French president calls for ‘rapid compromise’ in attempt to end four-week-long protests but his address to the nation was dismissed as a 'declaration of war against millions of French people who reject his reforms'.
After weeks of union-led strikes and protests against government plans to reform France's pension system, and which have severely disrupted transport services, notably in the Greater Paris Region, French President Emmanuel Macron is expected to finally relieve his prime minister on the political frontline by announcing measures to break the deadlock during the traditional presidential New Year's Eve TV address on Tuesday.
The rolling strikes of French transport workers, and notably railways staff, which began in early December as part of national union-led protests against the government's plans to reform the pension system, on Friday became the longest since the winter of 1986 – and threaten to become the longest ever as talks are not set to resume until January 7th.
Paris Opera dancers, who have a bespoke pension plan dating back to the 17th century, gave an impromptu public performance of Swan Lake on the forecourt of the Palais Garnier in central Paris, with the backing of the Paris Symphony Orchestra, in a protest at President Emmanuel Macron's plan to introduce a universal pension scheme.
French railways operator SNCF has finally reopened Christmas chaperoned train services for unaccompanied minors which had been cancelled because of continuing strike action against proposed pension reforms, which was notably due to affect children from divorced couples living far apart.
President Emmanuel Macron, 42, has announced that he will forgo his future head-of-state pension in an effort to be 'exemplary and coherent' amid the standoff with unions which reject his proposed universal pension reforms that would put an end to some relatively advantageous retirement rights.
Official estimates said estimated 150,000 homes, as well as businesses, suffered power cuts during Tuesday's union-led national strikes and protests called against President emmanuel Macron's proposed pensions reform, a strategy that the leader of one of the largest unions defended on Wednesday because 'spitting on the public service can make some of us angry', adding that 'we may amplify these kinds of methods'.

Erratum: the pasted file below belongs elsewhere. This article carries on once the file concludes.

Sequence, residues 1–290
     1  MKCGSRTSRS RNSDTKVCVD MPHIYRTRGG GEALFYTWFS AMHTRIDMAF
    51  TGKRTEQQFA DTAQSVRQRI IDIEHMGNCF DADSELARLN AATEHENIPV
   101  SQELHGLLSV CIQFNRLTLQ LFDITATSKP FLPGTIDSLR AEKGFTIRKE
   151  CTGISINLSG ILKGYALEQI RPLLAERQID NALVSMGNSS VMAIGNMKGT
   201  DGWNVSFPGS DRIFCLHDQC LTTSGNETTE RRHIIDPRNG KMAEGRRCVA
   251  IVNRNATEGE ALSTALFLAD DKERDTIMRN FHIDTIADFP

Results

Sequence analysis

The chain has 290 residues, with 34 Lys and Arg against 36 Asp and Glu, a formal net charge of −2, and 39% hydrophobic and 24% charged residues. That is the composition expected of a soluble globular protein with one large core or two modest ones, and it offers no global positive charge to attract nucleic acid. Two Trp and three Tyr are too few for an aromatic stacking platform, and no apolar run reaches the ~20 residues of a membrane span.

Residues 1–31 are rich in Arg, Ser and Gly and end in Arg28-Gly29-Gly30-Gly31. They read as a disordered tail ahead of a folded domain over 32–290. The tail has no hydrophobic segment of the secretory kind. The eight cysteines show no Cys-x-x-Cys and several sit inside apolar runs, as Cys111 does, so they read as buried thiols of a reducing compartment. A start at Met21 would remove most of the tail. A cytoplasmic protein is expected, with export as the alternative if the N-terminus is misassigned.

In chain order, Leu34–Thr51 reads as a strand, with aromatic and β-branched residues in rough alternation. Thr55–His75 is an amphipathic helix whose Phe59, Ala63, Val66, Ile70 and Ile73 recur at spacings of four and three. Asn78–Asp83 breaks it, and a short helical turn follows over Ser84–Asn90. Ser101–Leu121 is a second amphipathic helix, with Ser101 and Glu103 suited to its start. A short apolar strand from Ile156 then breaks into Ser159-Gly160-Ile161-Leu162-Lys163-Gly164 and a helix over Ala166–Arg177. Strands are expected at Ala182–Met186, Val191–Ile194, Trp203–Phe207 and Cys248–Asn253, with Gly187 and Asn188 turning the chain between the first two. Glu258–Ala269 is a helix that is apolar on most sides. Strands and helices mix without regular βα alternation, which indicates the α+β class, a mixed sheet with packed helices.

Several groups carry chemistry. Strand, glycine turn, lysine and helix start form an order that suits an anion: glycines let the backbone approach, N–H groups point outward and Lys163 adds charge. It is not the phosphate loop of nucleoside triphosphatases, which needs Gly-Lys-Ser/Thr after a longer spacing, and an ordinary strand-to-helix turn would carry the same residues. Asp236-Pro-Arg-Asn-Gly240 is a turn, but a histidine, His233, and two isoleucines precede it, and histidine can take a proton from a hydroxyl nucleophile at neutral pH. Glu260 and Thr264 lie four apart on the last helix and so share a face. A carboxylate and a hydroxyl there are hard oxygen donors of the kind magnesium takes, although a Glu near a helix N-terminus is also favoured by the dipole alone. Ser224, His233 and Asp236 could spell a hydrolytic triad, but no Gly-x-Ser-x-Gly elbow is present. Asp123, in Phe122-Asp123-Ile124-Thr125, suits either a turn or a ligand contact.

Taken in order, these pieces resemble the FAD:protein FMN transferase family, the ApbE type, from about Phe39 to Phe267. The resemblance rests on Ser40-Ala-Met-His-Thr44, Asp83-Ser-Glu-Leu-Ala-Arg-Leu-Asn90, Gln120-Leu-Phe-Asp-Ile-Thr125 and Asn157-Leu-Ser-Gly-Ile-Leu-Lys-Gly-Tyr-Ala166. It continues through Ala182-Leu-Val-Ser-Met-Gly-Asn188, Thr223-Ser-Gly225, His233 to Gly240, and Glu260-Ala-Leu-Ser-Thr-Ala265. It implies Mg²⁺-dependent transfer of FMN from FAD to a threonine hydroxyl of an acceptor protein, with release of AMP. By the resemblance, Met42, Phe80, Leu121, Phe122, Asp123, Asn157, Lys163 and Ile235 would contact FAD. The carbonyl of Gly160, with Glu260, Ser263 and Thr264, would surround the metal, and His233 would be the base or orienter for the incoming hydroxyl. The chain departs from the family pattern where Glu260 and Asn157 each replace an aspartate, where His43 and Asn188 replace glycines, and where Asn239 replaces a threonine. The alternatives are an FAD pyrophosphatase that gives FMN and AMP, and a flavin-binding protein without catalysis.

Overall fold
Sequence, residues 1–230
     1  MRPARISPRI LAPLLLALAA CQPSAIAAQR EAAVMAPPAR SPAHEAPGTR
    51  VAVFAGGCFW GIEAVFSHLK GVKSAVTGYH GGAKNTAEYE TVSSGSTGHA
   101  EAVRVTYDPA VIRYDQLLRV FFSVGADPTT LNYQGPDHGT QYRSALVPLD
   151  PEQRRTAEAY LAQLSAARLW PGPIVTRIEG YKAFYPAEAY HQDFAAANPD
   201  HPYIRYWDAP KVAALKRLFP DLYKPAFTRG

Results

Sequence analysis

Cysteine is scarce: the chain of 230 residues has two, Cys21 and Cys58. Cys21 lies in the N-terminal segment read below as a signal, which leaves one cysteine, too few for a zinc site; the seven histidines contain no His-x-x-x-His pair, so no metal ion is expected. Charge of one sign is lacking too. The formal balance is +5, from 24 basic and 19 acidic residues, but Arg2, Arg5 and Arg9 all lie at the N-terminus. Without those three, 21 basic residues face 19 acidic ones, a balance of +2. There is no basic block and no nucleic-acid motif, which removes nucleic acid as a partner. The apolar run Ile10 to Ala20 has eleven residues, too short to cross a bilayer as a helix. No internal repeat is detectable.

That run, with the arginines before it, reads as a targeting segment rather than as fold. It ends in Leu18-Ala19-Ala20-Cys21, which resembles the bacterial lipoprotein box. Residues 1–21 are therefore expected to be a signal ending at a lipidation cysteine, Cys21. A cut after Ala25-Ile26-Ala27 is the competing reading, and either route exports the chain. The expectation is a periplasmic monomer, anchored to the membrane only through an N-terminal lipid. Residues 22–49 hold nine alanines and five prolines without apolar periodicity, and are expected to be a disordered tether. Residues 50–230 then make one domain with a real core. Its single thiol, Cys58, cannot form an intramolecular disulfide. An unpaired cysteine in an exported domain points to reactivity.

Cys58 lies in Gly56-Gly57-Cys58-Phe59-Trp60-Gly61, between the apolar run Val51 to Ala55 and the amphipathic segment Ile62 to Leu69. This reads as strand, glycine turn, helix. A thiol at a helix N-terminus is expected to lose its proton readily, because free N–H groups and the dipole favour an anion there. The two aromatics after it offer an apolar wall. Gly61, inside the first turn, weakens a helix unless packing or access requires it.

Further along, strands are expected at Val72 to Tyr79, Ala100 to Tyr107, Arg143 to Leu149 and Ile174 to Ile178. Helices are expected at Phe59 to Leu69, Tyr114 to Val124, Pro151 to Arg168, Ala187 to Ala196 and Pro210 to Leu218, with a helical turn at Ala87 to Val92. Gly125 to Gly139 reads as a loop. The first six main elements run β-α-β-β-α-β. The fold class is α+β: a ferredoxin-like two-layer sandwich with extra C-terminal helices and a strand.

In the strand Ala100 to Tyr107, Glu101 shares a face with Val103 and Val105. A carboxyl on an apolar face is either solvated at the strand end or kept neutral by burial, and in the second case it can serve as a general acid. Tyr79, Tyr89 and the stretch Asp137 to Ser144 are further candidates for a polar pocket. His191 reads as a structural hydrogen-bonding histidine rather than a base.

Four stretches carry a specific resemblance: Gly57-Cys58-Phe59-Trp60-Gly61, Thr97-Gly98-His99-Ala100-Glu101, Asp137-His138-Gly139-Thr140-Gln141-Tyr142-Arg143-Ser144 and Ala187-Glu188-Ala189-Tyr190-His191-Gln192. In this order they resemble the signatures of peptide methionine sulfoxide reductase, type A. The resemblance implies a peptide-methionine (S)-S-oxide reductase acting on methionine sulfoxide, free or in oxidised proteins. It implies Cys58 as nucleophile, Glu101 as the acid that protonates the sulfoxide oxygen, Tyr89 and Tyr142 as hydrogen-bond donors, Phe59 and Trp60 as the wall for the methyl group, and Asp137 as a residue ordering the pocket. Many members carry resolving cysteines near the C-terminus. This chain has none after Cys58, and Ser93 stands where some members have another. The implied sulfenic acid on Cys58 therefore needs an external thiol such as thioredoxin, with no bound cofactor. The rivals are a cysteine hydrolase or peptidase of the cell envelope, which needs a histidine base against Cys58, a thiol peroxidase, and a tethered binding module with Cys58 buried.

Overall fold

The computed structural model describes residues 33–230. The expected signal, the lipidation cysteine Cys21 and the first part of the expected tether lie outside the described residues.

A day of strikes and demonstrations led by trades unions on Tuesday against the French government's planned overhaul of the pensions system mobilised strong support, with unions claiming a nationwide turnout in street marches of 1.8 million people, while interior ministry figures estimated the total numbers at 615,000.
Hundreds of thousands of demonstrators took part in nationwide union-led protests in France on Tuesday against the government’s proposed reform of the pension system, while strike action disrupted many sectors including transport, education institutions, postal services and power supplies. Meanwhile, the government suffered a severe blow in its showdown with the unions after the forced resignation on Monday of the man regarded as the architect of the reforms, the High Commissioner for Pensions Jean-Paul Delevoye, for having failed to register as required by law ten of his present or recent outside professional activities. Now Mediapart can reveal yet another: his membership until 2017 of the London-based Brazzaville Foundation, which is in effect a propaganda arm for the strongman president of the Republic of the Congo.
With more strikes called for Tuesday by unions opposing his planned reform of France's pension system, President Emmanuel Macron met with ministers on Sunday to discuss details of the draft legislation to be unveiled by his prime minister on Wednesday.
President Emmanuel Macron’s planned reform of the French pension system has run into massive union-led opposition, with a crippling general strike of mostly public sector workers last Thursday, when transport systems were paralysed and an estimated one million people demonstrated nationwide. While some sectors, notably the railways, remained affected this weekend, another national day of action is called for Tuesday. Union officials have declared that nothing less than a total withdrawal of the reform plans can end the dispute, raising the possibility of rolling strikes throughout December. The showdown will depend in part on what support unions can maintain in the key sectors of transport, schools, energy and healthcare.
Demonstrations accompanying rolling strikes against pension reforms that began Thursday and the latest 'Yellow Vest' protests against social inequalities were held over the weekend across France, upping pressure on the government ahead of more walkouts and protests called for next week.
After a general strike on Thursday against planned pension reforms, which were accompanied by massive demonstrations across France, transport systems and education institutions were among the mostly public sectors that continued to be hit by walkouts on Friday, with more strike action called for the weekend and into next week.